I don’t want to discuss it in detail here (since this article is about carbohydrates) but the topic has been covered to some extent in almost all of my books. My original keto diet took an in-depth look at protein storage in the diet, and of course The Protein Book details how protein needs change over the course of a diet.

I’d also like to note that as long as the protein intake is high enough (eg the diet covers much of the protein breakdown in the liver and elsewhere), the amount of carbs needed is still nil.

Carb Cycling: What It Is, How It Works, And How To Do It [free Pdf Guide]

This is the basis of my Fast Fat Loss method: eliminate all unnecessary nutrients (including carbohydrates) and provide only those necessary (in this case a large amount of high-quality protein and essential fatty acids) to provide the greatest deficiency . and greater fat loss per day.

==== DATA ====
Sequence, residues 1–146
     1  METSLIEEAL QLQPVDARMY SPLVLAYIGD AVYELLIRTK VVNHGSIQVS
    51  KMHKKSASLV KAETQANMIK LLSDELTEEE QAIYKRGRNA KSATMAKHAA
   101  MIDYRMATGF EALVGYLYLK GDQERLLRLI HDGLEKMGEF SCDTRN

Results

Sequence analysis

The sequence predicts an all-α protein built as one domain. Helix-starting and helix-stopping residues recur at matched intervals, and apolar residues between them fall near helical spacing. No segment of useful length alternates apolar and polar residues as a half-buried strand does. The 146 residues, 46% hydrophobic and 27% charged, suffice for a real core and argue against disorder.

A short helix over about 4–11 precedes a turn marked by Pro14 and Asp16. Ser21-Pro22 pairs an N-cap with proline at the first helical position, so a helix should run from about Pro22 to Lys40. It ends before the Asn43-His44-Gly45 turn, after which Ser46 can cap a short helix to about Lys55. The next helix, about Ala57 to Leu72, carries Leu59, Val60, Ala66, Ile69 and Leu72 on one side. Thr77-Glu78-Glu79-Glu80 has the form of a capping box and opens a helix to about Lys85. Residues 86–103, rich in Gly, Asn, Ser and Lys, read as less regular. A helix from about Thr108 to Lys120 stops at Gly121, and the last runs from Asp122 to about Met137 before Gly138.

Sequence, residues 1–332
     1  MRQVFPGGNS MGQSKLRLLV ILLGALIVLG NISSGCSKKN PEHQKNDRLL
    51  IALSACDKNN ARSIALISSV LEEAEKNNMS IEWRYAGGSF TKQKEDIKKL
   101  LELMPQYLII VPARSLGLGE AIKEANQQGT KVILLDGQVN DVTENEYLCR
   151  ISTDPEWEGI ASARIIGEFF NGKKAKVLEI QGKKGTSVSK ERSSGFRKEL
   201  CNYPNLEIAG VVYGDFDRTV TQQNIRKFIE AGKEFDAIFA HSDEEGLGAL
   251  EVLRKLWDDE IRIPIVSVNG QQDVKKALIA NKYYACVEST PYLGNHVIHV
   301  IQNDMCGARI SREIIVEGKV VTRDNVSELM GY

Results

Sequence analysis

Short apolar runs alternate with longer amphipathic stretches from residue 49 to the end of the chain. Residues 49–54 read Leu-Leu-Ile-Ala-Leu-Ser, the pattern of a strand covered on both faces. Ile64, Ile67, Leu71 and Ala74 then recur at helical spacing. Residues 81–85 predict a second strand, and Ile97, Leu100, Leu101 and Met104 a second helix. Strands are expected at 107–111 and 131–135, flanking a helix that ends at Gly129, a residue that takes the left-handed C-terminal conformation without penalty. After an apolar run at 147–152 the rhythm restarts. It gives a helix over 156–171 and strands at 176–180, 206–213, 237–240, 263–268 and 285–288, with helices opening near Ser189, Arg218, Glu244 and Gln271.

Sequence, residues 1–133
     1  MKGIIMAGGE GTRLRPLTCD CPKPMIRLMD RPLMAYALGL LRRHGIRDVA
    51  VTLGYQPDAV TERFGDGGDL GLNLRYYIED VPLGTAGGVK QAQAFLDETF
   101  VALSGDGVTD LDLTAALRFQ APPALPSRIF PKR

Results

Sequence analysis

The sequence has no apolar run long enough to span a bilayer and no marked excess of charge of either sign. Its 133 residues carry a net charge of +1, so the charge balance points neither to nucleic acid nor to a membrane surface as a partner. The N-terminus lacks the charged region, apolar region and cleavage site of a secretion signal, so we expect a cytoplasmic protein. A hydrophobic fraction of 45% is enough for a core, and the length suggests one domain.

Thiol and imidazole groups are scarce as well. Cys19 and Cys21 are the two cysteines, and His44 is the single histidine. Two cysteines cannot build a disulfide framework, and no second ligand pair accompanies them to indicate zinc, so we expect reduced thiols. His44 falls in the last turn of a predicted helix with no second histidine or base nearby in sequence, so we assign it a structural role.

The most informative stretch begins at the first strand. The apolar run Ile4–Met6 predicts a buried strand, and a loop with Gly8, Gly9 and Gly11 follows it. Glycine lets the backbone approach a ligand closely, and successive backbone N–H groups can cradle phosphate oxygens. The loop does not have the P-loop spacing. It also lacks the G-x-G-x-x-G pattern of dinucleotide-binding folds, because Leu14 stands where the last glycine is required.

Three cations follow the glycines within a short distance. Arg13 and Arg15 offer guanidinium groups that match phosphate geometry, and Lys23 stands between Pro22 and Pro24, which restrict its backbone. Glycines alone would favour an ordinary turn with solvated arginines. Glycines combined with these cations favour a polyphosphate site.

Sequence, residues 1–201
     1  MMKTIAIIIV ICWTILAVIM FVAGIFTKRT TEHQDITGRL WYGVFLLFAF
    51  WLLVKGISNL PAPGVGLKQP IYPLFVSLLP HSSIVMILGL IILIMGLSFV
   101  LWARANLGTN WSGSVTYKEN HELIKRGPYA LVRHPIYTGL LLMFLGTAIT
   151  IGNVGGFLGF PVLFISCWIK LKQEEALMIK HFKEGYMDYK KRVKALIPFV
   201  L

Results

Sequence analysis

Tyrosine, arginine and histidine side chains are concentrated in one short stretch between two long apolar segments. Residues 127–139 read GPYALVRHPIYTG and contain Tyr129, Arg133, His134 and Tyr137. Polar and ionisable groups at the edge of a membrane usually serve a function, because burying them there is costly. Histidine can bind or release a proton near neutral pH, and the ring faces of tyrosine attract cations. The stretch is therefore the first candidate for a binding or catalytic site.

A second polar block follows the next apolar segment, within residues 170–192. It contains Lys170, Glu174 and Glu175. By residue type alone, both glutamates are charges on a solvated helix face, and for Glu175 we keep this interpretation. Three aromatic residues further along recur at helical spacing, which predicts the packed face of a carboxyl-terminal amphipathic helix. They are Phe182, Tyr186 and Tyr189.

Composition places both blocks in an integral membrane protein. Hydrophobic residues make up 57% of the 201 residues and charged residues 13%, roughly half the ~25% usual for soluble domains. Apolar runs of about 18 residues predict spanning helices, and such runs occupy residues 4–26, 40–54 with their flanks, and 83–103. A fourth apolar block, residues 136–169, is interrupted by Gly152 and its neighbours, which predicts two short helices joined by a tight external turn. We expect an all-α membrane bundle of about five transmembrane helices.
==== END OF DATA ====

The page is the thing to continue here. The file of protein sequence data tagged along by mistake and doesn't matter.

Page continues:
But, let’s say you don’t just want to eat a lot of protein, how many carbs do you need to reduce (or prevent) protein loss in the diet?

Early research on starvation and low-carb diets found that 15 grams of carbs per day can reduce nitrogen loss in the body. And increasing your carb intake to 50 grams per day greatly reduces the body’s need to use amino acids for gluconeogenesis (which is why I recommended keeping daily carbs for low-carb days of The Ultimate Diet 2.0 at 50 grams).

How Many Carbs Do You Need To Lose Weight

Basically, in a nutritional context, nutritionists can increase dietary protein to compensate for dietary carbohydrate needs, or simply eat more carbohydrates to provide them directly.